I wanted to skip over it, to move on to something more “interesting.” I’d read it before, knew the story, had the t-shirt. But there it was, next in line: Luke’s narrative, 10th chapter.
This isn’t a Bible study—no need to find it unless you’d like. It’s the story of Jesus sending out 70 “others,”—followers who likely weren’t part of the 12.
Their mission was to proclaim the coming kingdom of God, heal the sick—all of that.
You know the end of the story. They came back, stunned and amazed that “even the demons are subject to us in your name!” Jesus congratulates them and reminds them the most important truth is not that they can control spirits, but that their names are recorded in heaven. Good news, for sure.
I’d read all of it before, and while it is a great story, I couldn’t identify with it. The story is so amazing—but it was hard to see how it is applicable today.
Still, I read it again—just to plow through and get to the next story and the next chapter.
But this time was different. One phrase—a familiar one—popped out at me. Tugged at me. Made me think. How many times had I read it before? A dozen? Fifty times? More. I don’t know. But there it was, at the end of the eighth and ninth verses:
“And whatever city you enter, and they receive you, eat what is set before you; and heal those in it who are sick, and say to them, ‘The kingdom of God has come near to you.’”
Did you catch it? Like I said, I missed it dozens of times. “Say to them, ‘The kingdom of God has come near to you.’”
Wait a sec. This is almost exactly what Jesus said in Matthew’s account (4:17), when He proclaimed that his listeners should “Repent (meaning, ‘to think differently’), for the kingdom of heaven is at hand.”
John the Baptist said the same. It’s a common theme, right?
The big deal however, is that the 70 are “only” followers. Jesus isn’t even going with them—He is sending them. John the Baptist isn’t going, either. Likely, not even the 12. Yet, these followers—not in the “inner circle”—were given the authority to say the words, “The kingdom of heaven is near.”
The 70 reached out to the sick, the hurting, the struggling. And these the 70 reached in the throes of struggle heard the incredible words of hope. They got to hear God was with them, that He hears them, that He is attuned to their needs.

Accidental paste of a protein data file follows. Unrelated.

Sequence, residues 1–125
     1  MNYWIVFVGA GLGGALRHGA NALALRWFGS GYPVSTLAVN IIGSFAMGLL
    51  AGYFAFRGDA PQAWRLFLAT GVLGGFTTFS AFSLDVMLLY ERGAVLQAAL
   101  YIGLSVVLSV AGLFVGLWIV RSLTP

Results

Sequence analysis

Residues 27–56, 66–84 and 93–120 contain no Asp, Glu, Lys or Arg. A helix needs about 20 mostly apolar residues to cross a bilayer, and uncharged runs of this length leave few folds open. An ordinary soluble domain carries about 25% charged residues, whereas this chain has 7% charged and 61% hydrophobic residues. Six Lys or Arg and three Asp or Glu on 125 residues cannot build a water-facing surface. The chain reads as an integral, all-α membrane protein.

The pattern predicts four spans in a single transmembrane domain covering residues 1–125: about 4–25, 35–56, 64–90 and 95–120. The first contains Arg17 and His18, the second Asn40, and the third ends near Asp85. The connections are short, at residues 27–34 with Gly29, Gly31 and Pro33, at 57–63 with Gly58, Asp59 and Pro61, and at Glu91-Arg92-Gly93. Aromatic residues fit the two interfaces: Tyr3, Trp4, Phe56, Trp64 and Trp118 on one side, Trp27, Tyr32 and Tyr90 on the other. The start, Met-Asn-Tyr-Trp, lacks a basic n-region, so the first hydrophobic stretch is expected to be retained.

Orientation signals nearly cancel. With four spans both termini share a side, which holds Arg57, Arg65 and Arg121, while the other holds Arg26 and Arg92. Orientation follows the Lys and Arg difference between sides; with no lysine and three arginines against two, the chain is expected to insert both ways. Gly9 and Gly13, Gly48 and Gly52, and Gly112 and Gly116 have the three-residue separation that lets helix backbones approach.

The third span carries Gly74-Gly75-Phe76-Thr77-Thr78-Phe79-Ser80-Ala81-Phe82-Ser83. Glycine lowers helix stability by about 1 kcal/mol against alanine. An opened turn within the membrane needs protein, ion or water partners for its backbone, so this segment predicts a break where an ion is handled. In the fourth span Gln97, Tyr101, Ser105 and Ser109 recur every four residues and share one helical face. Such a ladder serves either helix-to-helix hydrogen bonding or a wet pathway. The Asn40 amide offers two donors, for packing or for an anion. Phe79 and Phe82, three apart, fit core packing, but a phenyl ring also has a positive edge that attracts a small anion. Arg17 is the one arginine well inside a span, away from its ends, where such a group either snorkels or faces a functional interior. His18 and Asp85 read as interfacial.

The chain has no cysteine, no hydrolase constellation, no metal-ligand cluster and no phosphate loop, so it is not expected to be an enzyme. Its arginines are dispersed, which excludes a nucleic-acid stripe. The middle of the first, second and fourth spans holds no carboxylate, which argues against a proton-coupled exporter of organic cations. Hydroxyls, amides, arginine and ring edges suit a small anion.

When the 70 spoke these words out in the cities, Jesus wasn’t walking with them, coaching them. They were—physically at least—on their own.
Aren’t we like the 70?
I think about our calling, that of the pregnancy help community—a lot. And the more I consider our mission, the simpler it becomes.
If we want to be successful, ultimately it will not be because we have the best equipment, the most talented people and the most effective methods to communicate facts and information. Don’t misunderstand—all of these characteristics are important. We should seek the best in all we do.
But ultimately, success in our mission is when we creatively communicate the simplest—but most powerful--truth to the hurting who come in our door: “The kingdom of heaven is near.”
We’re not those original 70 whom Jesus sent. But if we choose, we can be a modern-day version of this crew.
Tweet This: Success is when we communicate the simplest but most powerful truth to the hurting who come in our door:“The kingdom of heaven is near”
Healing for today
Back then, healing was the tool they used most often. It made perfect sense. Medicine was rudimentary in those days, so seeing someone healed of a malady always captured attention. Does this still happen today? Yes. I’ve seen it. Perhaps you have, too.
Today however, our most effective tool may be some characteristics disappearing in today’s culture: Connection. Love. Hope.
Today’s young people don’t actually speak as much as they text. Too often, true connection is missing. We offer exactly what they need
Social media has its upsides, but it also brings out rants, anger, bullying, divisiveness. Those we see are desperate for someone to show them what love looks like.
And with negativity the order of the day, our clients and patients need someone to calmly help them take a breath and understand that even in trying situations, there is hope.
None of us can describe the kingdom of heaven perfectly, but we can surmise it is a place of love, joy, peace . . . we could go on. In the kingdom of heaven there is no pain, no uncertainty, no condemnation. In modern language, in the kingdom of heaven, “It’s all good.”
Is the kingdom of heaven “near” today? There’s every reason to believe it is. Let’s make sure those who come in our door see this belief on our faces, hear it in our voices and witness it in our actions. As we do, we’ll figure out a way to say this so that anyone—in any situation—will understand.
Bottom line? Let’s think of ourselves as the 70—modern day followers carrying good news. It’s the kind of news our patients and clients need now, more than ever.
If we make this a key focus of our mission, who knows what the impact might be? The 70 saw stunning results, so powerful even Jesus seemed amazed. Could this happen today? I don’t know. But wouldn’t it be fun to find out?